The Problem With Velcro
The problem with Velcro is—it sticks.
Recently, I have been exploring why it is so easy to focus on the challenges or negative elements in our work and leadership and much harder to focus on the positive “good news” elements of what we do.
What I’ve discovered is that it is actually how our brain naturally works.
The analogy that clarified this for me was that negative thoughts are like Velcro and can stick – and stay stuck – while positive, “good news” thoughts, if not paused on for 20 seconds, slide right off – never sticking.
I admit I fall prey to being more like Velcro sometimes, and I focus on the challenges and areas where we are not yet achieving. Even so, I always have prescribed to the notion that “when you know better you do better.”
So, to that end . . .
Maybe you are like me, or maybe it’s someone on your team that you’ve noticed having Velcro moments. Regardless, I invite you to join with me in being intentional about those 20 second “good news” pauses for yourself and for your team.
Is there someone on your team who has not reached the achievement mark yet, but can be acknowledged for a step forward – even if it took taking a few steps in the wrong direction to gain forward motion?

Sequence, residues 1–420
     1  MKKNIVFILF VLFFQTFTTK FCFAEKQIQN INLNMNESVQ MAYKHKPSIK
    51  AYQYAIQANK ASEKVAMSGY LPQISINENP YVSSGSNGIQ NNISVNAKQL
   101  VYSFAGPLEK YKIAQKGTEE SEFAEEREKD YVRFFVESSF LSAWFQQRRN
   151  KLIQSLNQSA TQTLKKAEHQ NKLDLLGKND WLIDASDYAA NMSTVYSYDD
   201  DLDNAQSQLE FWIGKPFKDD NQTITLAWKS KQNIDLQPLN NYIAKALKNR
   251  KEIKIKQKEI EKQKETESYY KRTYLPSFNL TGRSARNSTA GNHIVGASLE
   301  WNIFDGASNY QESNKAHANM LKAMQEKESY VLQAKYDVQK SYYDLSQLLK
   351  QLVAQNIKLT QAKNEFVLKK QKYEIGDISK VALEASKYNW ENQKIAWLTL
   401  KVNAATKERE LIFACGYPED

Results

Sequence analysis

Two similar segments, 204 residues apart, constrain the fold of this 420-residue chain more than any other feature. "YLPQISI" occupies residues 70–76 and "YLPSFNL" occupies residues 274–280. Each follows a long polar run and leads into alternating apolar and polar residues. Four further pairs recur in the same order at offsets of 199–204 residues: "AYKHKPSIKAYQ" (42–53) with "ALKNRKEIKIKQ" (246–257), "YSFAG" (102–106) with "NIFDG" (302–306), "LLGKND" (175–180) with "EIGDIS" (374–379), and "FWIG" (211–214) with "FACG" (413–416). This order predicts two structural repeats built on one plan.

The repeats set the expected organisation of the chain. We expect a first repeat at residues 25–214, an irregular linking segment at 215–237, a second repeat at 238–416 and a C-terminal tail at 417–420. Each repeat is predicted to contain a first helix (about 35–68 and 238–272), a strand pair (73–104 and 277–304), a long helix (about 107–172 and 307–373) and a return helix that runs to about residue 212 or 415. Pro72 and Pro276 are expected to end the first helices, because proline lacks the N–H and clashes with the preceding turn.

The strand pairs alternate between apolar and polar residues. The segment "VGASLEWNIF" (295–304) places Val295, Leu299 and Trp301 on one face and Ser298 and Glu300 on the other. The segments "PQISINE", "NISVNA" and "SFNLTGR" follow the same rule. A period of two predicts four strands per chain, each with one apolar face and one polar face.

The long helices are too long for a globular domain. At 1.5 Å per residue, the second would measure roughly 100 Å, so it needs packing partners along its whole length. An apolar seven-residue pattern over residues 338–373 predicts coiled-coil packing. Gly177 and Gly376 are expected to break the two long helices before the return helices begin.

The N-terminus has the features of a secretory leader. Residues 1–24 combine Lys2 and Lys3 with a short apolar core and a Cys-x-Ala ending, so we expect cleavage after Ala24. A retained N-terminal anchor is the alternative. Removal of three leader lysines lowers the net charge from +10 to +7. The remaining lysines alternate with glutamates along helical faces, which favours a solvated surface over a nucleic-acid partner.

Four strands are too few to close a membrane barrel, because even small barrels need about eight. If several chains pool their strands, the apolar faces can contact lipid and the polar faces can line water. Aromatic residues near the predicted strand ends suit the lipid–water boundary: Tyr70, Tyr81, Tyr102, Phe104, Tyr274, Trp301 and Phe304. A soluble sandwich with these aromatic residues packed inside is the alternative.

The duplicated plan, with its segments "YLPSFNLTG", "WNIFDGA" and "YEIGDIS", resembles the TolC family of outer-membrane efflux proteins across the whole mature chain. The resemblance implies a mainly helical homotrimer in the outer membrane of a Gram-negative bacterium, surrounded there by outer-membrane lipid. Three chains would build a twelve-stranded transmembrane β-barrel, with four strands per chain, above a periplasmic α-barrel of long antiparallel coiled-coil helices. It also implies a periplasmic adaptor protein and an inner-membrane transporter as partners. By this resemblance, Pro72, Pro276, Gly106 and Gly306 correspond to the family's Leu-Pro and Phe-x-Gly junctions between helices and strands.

What about a “good news” shout out to someone really living out your organization’s teamwork value? Someone who went over and beyond to help?
Getting unstuck from that Velcro can be challenging at times, and honestly, initially is going to take some real intentionality. Intentionality to stop. Stop and focus on those 20 second “good news” moments.
To be intentional, maybe consider putting systems in place to help you and your team recognize “good news” moments. Systems like these:
- Start meetings with individuals sharing some good news – professional or personal.
- Post a “good news” white board up in your common space and commit to adding something to the board each day. Also, encourage other team members to join with you in sharing the “good news”.
- Daily, create a sticky note titled “good news.” Keep it very visible to you throughout your day – this means it might come to meetings with you, or be posted on the edge of your computer monitor. Your goal is to write down at least three “good news” moments from your day. Consider keeping your sticky notes from the week and reviewing them all the next Monday to remind you of all of the potential a new week has to offer.
With a little intentionality, who knows? Maybe we will find that we are Velcro no more, and are naturally better at pausing on all of the “good news” that really does fill each day.
– Lisa Diaz, Founder